First Light Productions

investigative journalism

Your Brain on Brake Pad Dust

Posted on September 8, 2016

A makes sense connection between air pollution and dementia may partially explain the ever expanding number of people with degenerative brain diseases such as Alzheimer’s and Parkinson’s.


Think specks of particles 36 times finer than a grain of sand riddled with toxic combinations of sulfate, nitrate and ammonium ions, hydrocarbons, and heavy metals. Writing this with the sound of city bound commuters leaking through the windows, I’m wondering…..

The Anthropocene and the chicken

Posted on September 4, 2016

A new epoch for mankind began about 1950. It is defined by radioactive fallout from nuclear bomb tests, plastic pollution, soot from power stations, high levels of nitrogen and phosphate in soils derived from artificial fertilizers, concrete, and the global proliferation of the domestic chicken (yes).

Ocean plastic. Photo: Dimitar Dilkoff/AFP/Getty Images

The  epoch we are leaving, the Holocene, lasted for 12,000 years  since the last ice age, during which a period of stable climate allowed human civilization to develop. About 1950, homo sapiens’ finely wrought advances began to spin wildly out of control. Carbon dioxide emissions, sea level rise, the global mass extinction of species, deforestation and mass development have thrown a wrench in the works of the planet’s machinery, setting earth on a permanently different trajectory.

Experts speaking at the International Geological Congress in Cape Town, South Africa recently likened it to a largish spaceship drifting out of control without a crew at the helm.

→For the full story, including the lowdown on the chicken, see the Guardian.

Fade up

Posted on August 31, 2016


Jackson says “Stay tuned.”

After a long hiatus I’m back on the air as it were. Gearing up to finish “Done In” the epic story of PCBs in the upper Hudson River Valley — and roll it out with a pitch for the public policy series of investigative docs “Watchdog — the series.”©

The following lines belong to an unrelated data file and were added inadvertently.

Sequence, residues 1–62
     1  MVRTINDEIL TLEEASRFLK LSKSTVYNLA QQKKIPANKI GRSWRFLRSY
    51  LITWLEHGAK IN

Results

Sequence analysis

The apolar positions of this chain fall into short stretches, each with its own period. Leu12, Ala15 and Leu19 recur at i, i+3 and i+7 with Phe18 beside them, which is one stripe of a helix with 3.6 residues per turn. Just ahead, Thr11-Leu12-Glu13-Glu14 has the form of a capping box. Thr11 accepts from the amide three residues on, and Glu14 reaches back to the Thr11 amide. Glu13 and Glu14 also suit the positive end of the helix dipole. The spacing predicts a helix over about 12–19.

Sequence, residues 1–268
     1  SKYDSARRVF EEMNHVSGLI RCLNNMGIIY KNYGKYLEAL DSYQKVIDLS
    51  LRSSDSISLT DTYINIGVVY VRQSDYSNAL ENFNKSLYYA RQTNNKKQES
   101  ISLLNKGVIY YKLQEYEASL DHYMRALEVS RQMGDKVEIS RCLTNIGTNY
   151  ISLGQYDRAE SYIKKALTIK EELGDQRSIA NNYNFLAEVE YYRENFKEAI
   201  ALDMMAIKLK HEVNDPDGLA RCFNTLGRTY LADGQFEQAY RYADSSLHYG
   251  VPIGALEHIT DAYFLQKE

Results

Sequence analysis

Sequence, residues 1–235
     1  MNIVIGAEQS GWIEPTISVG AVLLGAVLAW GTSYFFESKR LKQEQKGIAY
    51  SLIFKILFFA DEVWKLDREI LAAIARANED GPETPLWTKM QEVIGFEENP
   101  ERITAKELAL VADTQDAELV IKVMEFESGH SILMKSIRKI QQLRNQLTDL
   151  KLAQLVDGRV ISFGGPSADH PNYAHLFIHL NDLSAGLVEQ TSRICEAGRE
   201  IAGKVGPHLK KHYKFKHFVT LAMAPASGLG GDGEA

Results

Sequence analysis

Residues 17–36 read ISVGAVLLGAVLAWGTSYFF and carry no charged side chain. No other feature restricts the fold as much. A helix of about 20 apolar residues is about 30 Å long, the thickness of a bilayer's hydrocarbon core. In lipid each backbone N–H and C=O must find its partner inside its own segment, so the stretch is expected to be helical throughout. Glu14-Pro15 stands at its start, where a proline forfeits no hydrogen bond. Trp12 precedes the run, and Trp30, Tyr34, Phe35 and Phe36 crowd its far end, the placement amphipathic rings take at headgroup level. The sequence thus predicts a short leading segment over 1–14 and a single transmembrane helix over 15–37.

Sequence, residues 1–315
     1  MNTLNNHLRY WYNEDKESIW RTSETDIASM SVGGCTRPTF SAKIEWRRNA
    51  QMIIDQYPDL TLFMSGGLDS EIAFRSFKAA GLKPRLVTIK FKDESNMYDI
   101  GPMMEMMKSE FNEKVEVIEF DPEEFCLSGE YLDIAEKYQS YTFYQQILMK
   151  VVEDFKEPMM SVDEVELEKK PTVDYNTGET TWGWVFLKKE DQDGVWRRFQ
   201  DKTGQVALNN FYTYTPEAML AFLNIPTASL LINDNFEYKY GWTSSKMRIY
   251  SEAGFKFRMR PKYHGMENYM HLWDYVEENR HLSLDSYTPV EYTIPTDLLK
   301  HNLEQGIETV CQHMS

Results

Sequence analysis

Next up:  “Sanctuary — the Race to Save the Space Chimps,

Carole in safari hat.jpg

Carole and Zeke

the remarkable story of the late Dr. Carole Noon, who sued the Air Force to free America’s beloved Space Chimps from the grip of a mad scientist.


Reading, Writing and Anti-Poaching

Posted on June 1, 2014

Fight for Rhinos

According to studies, children’s academic performance in science, math, English and social sciences increase when they have experience with nature and the outdoors—not to mention their sense of ownership and responsibility to their surroundings.(Wildlife Federation)

kenyan school childrenSo it only makes sense to include conservation as part of their education. Afterall, who better to entrust our future generations of rhinos and elephants to than the children?

There are organizations throughout Africa who give the opportunity of conservation education to children. But Kenya has taken it a step further,  getting with the times by introducing anti-poaching and conservation curriculum to secondary schools in the Masai Mara and Serengeti areas.

We decided to introduce lessons on wildlife conservation to these schools to sensitise communities that neighbour the Mara and Serengeti parks on the need to end poaching. The students will visit villages to educate locals on the dangers posed by the menace,”
 said Nick Murero, the Mara-Serengeti…

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Red wolfies

Posted on May 29, 2014

Zoos are an iffy proposition in many ways but there are also upsides.

One of a litter of 8 red wolves born at the Point Defiance zoo in Tacoma, Washington in 2012.

One of a litter of 8 red wolves born at the Point Defiance zoo in Tacoma, Washington.

Once common from Texas to Pennsylvania to Florida, red wolves have been hunted trapped and poisoned almost to extinction. The wild population today numbers about 100, making them one of North America’s rarest mammals.